- If the air quality is less than ideal, stay inside as much as possible with the windows closed and an air purifier on. Where I live, the morning tends to have better air quality so I’ve been getting out first thing to tend the garden.
- If you don’t have central A/C, like so many houses in Sonoma County, it may finally be time to buy a portable A/C unit. We did a couple summers ago and it was a life saver over the past couple of weeks—we could keep the windows closed but still have at least one place in the house that was a comfortable temperature during a heat wave.
- Find a way to exercise indoors. I love exercising outdoors—that’s one of my main motivators for exercise—but it’s empowering to have the option to exercise indoors. That way I don’t feel like I have to compromise by either choosing exercise in unhealthy air or not exercising at all. I’ve been doing online Pilates and my husband brought our bike trainer into the living room from the backyard.
Masks: I know we all have mask fatigue, but if your air quality is moderate and you’re going to be outside, it’s a good idea to put on a respirator mask that filters the particles. There’s also a lot of confusion about if it’s ok to wear a respirator mask or if we can buy them since we want to make sure health professionals have access to them.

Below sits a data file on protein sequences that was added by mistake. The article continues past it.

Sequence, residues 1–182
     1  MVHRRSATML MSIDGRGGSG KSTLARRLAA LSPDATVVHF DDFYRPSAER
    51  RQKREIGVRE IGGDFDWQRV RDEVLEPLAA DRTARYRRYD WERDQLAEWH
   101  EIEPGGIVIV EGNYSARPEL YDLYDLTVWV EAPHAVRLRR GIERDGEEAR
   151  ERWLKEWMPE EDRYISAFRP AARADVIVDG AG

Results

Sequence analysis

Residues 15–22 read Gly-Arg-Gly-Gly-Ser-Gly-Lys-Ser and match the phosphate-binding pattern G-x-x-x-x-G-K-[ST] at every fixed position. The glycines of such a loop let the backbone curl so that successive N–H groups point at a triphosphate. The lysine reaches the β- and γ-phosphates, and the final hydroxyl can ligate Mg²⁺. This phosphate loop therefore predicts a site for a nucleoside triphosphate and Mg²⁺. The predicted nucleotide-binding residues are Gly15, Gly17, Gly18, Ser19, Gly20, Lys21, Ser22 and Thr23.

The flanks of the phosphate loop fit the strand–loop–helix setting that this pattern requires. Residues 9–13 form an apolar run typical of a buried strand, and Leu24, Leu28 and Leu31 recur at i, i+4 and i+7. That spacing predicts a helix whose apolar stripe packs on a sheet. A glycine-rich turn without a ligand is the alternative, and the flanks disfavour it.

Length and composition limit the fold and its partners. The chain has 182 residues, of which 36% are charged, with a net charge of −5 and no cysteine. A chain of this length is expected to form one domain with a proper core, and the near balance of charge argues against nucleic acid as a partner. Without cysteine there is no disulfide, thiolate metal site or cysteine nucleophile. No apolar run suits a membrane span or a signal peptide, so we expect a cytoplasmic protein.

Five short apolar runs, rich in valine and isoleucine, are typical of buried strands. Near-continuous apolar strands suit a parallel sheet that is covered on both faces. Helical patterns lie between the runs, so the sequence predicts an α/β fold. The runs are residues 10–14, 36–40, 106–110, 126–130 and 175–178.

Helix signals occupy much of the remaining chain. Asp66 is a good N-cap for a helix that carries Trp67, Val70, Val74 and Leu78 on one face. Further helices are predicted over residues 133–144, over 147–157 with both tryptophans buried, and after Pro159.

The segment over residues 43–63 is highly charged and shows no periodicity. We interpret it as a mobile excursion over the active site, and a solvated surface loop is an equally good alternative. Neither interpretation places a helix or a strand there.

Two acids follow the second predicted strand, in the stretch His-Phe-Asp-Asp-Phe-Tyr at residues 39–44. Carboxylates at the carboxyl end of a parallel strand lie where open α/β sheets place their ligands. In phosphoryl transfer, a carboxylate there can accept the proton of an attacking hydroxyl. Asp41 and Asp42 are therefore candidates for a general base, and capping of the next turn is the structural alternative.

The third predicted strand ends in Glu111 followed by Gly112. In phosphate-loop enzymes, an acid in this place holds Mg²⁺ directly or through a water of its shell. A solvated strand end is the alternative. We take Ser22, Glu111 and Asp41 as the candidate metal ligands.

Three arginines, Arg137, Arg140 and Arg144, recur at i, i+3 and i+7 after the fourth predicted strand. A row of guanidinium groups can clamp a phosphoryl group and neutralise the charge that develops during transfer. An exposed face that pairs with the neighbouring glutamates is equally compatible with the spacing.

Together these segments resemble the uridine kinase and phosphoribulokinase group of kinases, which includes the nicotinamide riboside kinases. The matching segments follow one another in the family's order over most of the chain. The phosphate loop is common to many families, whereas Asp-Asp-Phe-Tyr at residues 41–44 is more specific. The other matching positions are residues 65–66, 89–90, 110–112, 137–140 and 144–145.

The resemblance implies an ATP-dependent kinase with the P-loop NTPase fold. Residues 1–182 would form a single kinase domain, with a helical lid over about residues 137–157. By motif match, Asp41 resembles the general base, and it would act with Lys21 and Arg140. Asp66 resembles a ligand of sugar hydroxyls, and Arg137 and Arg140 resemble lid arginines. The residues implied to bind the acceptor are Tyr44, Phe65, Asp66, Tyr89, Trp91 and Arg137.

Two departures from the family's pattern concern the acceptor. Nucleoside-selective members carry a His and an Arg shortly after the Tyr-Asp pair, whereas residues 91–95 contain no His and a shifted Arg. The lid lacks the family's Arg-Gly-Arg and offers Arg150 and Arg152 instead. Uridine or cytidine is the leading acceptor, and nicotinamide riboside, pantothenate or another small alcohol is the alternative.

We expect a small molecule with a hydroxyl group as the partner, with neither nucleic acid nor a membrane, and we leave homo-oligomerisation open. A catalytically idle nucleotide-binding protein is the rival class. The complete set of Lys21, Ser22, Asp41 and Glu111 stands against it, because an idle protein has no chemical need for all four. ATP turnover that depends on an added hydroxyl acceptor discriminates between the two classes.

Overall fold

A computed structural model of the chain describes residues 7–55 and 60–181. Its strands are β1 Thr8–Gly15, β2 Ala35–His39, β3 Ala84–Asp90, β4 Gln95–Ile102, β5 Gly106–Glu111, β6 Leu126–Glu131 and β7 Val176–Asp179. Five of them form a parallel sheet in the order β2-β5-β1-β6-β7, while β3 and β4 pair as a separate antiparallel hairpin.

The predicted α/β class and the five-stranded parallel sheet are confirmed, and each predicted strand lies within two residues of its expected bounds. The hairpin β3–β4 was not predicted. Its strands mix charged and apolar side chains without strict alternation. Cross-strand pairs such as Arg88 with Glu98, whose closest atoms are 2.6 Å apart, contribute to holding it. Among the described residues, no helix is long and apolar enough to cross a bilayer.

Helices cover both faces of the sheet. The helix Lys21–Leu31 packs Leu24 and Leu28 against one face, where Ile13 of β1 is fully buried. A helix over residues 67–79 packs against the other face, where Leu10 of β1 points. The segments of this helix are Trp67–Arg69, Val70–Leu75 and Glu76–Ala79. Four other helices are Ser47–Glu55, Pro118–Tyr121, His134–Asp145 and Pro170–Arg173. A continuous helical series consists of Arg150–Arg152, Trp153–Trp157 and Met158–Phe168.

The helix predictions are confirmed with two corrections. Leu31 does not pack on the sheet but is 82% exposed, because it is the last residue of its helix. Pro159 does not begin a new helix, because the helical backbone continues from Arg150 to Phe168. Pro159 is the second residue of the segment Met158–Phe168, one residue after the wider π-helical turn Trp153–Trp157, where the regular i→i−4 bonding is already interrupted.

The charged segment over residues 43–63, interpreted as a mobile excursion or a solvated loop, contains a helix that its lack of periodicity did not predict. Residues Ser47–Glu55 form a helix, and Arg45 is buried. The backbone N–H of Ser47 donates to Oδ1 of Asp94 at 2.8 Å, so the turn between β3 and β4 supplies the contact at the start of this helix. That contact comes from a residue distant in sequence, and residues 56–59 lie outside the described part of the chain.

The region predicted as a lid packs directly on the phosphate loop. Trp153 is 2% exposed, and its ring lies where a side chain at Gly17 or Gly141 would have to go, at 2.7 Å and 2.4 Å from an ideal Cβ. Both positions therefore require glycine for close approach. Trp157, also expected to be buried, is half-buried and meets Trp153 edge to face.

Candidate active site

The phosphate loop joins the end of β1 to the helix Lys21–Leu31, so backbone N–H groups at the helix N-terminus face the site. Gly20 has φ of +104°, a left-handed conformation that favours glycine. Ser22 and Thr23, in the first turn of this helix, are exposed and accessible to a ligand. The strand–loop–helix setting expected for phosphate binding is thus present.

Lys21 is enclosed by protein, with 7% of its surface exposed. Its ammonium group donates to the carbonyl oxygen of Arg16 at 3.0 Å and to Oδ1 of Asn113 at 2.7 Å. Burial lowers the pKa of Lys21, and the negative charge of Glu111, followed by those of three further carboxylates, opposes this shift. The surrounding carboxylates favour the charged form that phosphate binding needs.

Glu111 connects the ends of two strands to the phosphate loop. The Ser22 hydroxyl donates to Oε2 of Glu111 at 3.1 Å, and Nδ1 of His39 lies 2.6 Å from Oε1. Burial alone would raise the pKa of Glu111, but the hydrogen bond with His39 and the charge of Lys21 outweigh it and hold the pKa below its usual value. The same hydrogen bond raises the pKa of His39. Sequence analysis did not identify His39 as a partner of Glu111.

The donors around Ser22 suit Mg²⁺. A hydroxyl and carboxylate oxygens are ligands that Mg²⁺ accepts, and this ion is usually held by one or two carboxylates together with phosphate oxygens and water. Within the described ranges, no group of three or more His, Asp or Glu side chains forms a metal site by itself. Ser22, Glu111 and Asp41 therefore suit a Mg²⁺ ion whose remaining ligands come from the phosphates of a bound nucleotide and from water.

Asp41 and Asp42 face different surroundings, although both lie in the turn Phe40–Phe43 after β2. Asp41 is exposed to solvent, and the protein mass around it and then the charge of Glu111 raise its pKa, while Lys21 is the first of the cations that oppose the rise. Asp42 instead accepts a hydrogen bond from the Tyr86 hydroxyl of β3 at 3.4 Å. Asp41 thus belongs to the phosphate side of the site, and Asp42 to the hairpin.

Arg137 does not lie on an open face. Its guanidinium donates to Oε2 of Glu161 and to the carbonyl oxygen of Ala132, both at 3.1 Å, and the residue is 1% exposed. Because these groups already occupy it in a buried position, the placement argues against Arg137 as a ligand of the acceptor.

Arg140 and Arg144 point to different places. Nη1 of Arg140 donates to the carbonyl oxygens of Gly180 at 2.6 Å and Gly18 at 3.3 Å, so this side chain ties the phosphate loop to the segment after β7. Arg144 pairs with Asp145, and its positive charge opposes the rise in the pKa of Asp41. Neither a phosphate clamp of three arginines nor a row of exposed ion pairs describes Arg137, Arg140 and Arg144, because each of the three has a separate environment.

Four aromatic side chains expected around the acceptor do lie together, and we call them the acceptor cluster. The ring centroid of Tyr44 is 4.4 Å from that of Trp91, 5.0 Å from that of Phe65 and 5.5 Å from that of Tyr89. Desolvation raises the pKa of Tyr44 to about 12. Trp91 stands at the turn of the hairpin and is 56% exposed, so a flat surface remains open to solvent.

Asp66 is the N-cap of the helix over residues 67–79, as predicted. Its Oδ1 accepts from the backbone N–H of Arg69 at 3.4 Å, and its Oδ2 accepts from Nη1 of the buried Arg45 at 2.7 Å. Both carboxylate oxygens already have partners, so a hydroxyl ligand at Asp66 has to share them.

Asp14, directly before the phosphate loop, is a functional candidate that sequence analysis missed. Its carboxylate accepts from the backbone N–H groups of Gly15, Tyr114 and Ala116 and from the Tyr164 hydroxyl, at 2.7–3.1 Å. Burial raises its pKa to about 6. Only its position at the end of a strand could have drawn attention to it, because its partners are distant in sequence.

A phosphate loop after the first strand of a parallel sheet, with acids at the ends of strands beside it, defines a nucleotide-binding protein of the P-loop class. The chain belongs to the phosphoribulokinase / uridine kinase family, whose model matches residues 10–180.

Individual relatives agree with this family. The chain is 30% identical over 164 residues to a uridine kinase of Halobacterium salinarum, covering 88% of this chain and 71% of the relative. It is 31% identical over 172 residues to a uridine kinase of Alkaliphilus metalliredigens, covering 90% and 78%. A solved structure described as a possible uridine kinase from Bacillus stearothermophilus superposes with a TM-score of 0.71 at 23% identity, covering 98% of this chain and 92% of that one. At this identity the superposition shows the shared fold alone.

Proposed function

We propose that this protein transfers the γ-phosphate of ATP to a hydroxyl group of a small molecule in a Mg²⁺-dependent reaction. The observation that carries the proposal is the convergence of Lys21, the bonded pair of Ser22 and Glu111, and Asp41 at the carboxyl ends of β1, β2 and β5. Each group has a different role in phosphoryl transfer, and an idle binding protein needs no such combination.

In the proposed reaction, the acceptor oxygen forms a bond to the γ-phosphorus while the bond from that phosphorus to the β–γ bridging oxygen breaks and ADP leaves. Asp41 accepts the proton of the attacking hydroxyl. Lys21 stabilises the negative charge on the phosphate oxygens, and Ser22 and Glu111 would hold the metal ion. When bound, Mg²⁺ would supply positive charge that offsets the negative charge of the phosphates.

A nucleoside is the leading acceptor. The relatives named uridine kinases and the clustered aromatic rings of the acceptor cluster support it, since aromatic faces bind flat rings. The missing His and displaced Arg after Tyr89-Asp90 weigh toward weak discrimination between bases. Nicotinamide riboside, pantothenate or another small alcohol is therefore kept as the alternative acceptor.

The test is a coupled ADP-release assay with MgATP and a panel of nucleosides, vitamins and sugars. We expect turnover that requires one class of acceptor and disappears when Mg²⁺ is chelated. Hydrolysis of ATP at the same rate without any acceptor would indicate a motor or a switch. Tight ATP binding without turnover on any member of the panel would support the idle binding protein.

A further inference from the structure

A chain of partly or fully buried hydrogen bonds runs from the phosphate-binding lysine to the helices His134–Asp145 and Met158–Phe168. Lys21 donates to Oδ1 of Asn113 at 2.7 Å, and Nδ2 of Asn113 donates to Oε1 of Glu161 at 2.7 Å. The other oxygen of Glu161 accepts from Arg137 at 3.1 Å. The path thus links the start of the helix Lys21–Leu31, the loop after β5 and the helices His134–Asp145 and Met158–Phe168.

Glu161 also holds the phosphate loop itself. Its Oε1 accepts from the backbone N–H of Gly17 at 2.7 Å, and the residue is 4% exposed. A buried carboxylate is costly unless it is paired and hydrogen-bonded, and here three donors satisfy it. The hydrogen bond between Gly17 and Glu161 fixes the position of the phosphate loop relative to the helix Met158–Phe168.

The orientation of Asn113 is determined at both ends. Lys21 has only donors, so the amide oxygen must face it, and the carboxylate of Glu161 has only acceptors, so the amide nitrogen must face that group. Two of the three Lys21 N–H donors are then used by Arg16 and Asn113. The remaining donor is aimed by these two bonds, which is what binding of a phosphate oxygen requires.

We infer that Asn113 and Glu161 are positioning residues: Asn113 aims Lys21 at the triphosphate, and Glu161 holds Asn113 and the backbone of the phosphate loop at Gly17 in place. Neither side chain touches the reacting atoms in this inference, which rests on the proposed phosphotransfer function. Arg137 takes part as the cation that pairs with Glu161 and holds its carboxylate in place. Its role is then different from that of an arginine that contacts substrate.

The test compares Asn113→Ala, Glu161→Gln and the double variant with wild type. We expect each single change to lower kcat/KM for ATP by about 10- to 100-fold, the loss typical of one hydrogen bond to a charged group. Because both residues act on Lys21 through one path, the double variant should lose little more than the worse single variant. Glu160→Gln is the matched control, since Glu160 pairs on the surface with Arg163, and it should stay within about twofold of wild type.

- We had a small supply of 3 lightly used N95 masks in the back of our cupboard so take a look around at home–now is the time to pull them out.
- If you don’t have any N95s or you want to get some more, you can buy KN95 masks without any special health provider qualifications. I know they have them at amazon and Friedman's. KN95 masks are very similar to N95s. The main difference is that the straps go around your ears so the seal is not as tight, but they do have a wire you can shape around the nose to get a good seal.
- Want to make your masks last longer? I use a washable cloth mask on top of my KN95 masks at work to keep the outside of the mask clean so I can reuse the masks a few times. The cloth mask on top also helps keep the KN95 in place for me. I tie the cloth mask behind my head so I don't have too many things behind my ears. If the cloth mask has ear straps, I string a ribbon through and tie that behind my head. I put each lightly used KN95 mask in a paper bag to air out for at least 72 hours between uses.
Air Purifier: If you’ve lived in Sonoma County over the past 3 summers you probably already own at least one air purifier for your home. Is it time to replace the filters? A few patients in the market for another have asked me what I recommend since we got more for the office recently–there’s one in each treatment room to help clean the air of viruses and now also smoke. I chose the Winnix 5300-2 because it moves a lot of air and has good carbon and HEPA filtration. One of the main things you want in an air purifier is to move a lot of air through it. The more air it moves the more it purifies. We got ours off amazon, but you can shop around for them.